Thanks for the replies.
Here is an email my boss received from a co-worker in my company that deloyed a month ago to Iraq.



Hi Paul,

I hope this reaches you. I have sent other e-mail that has not been received.

I am doing alright under the circumstances. The weather is getting warmer and the insurgents are getting more active as a result. Two of my friends from charlie company have been sent home after being injured in an attack. My truck has been hit with IEDs (improvised explosive devices) twice, but I have been fortunate not to be hurt seriously.

I will be sending some pictures once I have the time to burn a CD. I don't have a date when I will redeploy stateside yet but I am eager to get back to my chosen profession and leave this Army stuff to someone younger.

How are things going on your side of the planet? I pray all is well.

I appreciate the e-mail and hope to receive more.

Roy


Talk about putting things into perspective. This soldier actually is hoping his boss back home is doing well!!

Man, these guys will always be hero's to me, no matter what I see or read. Period.



posted on Mar, 22 2005 @ 02:49 PM
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My heart goes out o all the soldiers, airmen, sailors and Marines (mainly the Marines of course) deployed to the middle east now.

I've had a few friends die in Iraq, as for the ones that lived...the stories they have are awesome.

Quatar is a pretty good place. Im guessing your friend os airforce?



posted on Mar, 22 2005 @ 02:55 PM
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It curtainly does put things into perspective. You would think that a boss back home would be the last one a soldier would give good wishes too. However our soldiers are so eager to hear words of encouragment from anyone they can. This is why its important whether you supported the war or not, to atleast support your brothers and sisters, mothers and fathers from your own nation and other nations fighting beside you.

Carburetor



posted on Mar, 22 2005 @ 03:02 PM
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Originally posted by dev_add
My heart goes out o all the soldiers, airmen, sailors and Marines (mainly the Marines of course) deployed to the middle east now.

I've had a few friends die in Iraq, as for the ones that lived...the stories they have are awesome.

Quatar is a pretty good place. Im guessing your friend os airforce?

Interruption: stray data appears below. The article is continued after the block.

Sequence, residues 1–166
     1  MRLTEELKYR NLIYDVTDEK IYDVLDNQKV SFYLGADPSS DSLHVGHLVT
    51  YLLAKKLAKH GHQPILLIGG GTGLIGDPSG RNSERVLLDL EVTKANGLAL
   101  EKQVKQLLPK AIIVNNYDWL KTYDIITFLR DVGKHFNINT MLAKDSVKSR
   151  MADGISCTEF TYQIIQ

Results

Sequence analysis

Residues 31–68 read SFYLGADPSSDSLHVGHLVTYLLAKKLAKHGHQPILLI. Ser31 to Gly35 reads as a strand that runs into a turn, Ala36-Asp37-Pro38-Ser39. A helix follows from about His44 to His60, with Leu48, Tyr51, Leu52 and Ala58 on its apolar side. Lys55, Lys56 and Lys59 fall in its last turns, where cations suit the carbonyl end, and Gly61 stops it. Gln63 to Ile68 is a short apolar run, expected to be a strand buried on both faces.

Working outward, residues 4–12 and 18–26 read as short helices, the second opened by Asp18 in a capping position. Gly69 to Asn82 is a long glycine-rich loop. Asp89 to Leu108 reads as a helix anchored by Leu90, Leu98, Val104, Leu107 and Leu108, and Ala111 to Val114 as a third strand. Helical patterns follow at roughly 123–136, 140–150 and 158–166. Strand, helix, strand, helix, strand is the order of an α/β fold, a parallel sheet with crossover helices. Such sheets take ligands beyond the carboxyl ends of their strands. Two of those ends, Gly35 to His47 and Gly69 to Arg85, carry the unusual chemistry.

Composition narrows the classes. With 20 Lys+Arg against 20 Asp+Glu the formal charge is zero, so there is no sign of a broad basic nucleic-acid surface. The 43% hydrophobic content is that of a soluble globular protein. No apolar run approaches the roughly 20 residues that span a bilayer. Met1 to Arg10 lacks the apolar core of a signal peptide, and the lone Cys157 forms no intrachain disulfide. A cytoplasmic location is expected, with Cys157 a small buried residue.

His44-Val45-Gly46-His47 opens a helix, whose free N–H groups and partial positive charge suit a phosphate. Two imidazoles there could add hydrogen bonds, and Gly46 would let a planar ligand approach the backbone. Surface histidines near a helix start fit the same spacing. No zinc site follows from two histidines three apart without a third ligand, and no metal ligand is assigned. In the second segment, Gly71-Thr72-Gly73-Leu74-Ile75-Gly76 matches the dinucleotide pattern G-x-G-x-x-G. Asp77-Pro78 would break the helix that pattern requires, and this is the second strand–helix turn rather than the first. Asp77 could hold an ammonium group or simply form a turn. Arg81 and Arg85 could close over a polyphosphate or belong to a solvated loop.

Thanks for your addition to the thread Dev_add
My brother was stationed in Qatar for 2 months as an Aviation Propulsions Technician. As far as my co-worker who wrote the email, im not sure where he is stationed. Most of the people who get deployed are suppose to keep their deployement location secret. My brother at first told us he was going to Afghanistan and then we found out he actually went to Quatar. He said it was for security reasons that he couldn't tell us his exact deployment.



posted on Mar, 22 2005 @ 03:08 PM
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Yeah deployments can really suck sometimes, it all depends on where you go. Some places are better than others. That a big morale issue the military is having now...some units are doing multiple deployments 7 months deployed, 7 months home...etc...etc.

Some Marines are leaving units returning from Iraq and going to thier new units which are soon going there...but hey, SNAFUBAR



posted on Mar, 22 2005 @ 05:33 PM
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Originally posted by booger
Great


Let me tell you about a soldier I know. This is what he saw.

HIs email said his unit rehabed a school and the locals treated him and his unit like hero's. Later one unit memeber died.

No politics in this. JUst one soldier doing his job.


Hello booger
Is this soldier you know deployed in Falluja? I know alot of the major rebuilding is taking place there and schools are starting to slowly re-open.

Hi ya Marg!!
Sorry to hear about your husbands friends. I think we all either know someone, have friends or family that are invovled in this conflict, meaning there is a little piece of all of us that has resided in Iraq or Afghanistan at one point or another.

Thank you both for your addition to the thread!! If you got any more stories or thoughts lets here em!!

Carburetor



posted on Mar, 22 2005 @ 07:45 PM